Freedom of the Press
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Press Freedom Score (0 = best, 100 = worst)
Legal Environment(0 = best, 30 = worst)
Political Environment(0 = best, 40 = worst)
Economic Environment(0 = best, 30 = worst)
Status change explanation: Botswana's rating moved from Free to Partly Free in 2005 following the expulsion of two journalists amid a more general climate of official intolerance for critical views.
Freedom of speech and of the press are provided for in the constitution; although the government generally respects these rights in practice, 2005 saw a marked deterioration in freedom of expression in Botswana. Libel is a civil offense, and in past years publications have been charged with defamation and have had to pay large amounts of money in court-ordered damages or as part of a settlement. The National Security Act (NSA), enacted in 1986 during Botswana's conflict with apartheid South Africa, remains on the books and has been used to restrict reporting on government activities. Journalists are occasionally threatened, harassed, or attacked in retaliation for their reporting. In August 2005, the government employed immigration legislation to deport two Zimbabwean journalists, Rodrick Mukumbira and Charles Chirinda, who had criticized state policies; both were not given specific reasons for their expulsion. In a similar indication that the government was becoming less tolerant of those expressing critical views, Kenneth Good, an Australian-born academic who criticized as undemocratic certain elements of Botswana's political system, was charged under the NSA and deported in May 2005, a move that was roundly condemned by freedom of expression advocates.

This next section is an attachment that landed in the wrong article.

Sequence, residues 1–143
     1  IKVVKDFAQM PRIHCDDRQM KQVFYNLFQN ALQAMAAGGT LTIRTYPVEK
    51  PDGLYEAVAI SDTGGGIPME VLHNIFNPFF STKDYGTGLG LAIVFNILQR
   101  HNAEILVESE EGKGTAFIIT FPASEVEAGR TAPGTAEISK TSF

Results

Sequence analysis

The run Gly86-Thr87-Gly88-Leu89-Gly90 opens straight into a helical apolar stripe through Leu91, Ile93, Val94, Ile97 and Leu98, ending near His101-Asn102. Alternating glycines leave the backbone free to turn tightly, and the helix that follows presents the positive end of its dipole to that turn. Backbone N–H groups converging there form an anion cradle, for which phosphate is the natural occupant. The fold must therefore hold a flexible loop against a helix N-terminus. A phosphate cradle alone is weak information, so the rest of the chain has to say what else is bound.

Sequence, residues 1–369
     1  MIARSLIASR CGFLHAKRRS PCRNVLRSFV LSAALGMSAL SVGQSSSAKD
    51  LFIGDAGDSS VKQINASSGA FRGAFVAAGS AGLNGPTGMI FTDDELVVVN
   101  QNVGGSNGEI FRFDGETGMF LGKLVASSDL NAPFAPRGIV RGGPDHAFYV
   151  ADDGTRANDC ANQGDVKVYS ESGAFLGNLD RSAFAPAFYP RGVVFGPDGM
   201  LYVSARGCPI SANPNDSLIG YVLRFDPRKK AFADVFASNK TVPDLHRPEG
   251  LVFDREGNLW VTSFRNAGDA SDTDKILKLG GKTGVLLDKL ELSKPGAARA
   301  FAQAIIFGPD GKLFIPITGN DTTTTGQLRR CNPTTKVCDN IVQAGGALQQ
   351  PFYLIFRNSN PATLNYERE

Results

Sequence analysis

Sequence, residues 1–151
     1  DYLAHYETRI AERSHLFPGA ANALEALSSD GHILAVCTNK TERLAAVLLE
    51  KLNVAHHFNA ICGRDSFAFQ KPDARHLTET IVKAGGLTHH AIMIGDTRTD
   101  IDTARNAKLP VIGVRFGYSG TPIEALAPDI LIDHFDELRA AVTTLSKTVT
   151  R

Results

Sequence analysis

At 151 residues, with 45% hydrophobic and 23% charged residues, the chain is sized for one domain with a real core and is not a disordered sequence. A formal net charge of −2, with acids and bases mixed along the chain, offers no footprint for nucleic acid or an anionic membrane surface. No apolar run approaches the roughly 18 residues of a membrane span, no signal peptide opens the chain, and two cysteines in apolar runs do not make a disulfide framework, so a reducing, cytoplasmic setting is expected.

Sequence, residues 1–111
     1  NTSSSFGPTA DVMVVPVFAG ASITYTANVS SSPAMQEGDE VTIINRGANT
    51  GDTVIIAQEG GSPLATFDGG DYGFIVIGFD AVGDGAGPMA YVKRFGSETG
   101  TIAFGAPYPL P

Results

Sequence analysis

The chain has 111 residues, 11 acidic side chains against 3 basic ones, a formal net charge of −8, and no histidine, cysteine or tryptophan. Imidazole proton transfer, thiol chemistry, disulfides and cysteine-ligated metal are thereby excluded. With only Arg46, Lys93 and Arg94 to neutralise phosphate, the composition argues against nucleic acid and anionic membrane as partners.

Independent print media and radio stations provide vigorous scrutiny of the government and air a wide range of opinions, mostly without government interference. However, the state-owned Botswana Press Agency dominates the media landscape via its Daily News newspaper and two nationally broadcast FM radio stations; radio remains the chief source of news for the majority of the population. Botswana Television, also owned by the state, is the country's only source of local television news. Government-controlled media outlets generally confine themselves to coverage that is supportive of official policies and do not adequately cover the activities or viewpoints of opposition parties and other critics. The government sometimes censors or otherwise restricts news sources or stories that it finds undesirable, and editorial interference in the state-owned media from the Ministry of Communication, Science, and Technology has increased in recent years. The November 2003 suspension of Radio Botswana's popular call-in segment of the morning show Masa-a-sele remained in effect at year's end; in July 2004, the ministry announced the cancellation of the same station's daily newspaper review segment. Privately owned radio stations and the sole private television station have a limited reach, particularly within the rural districts. The financial viability of Botswana's independent newspapers is undermined by the fact that the Daily News is distributed nationwide at no cost. Internet access is unrestricted, though access is limited because of financial constraints.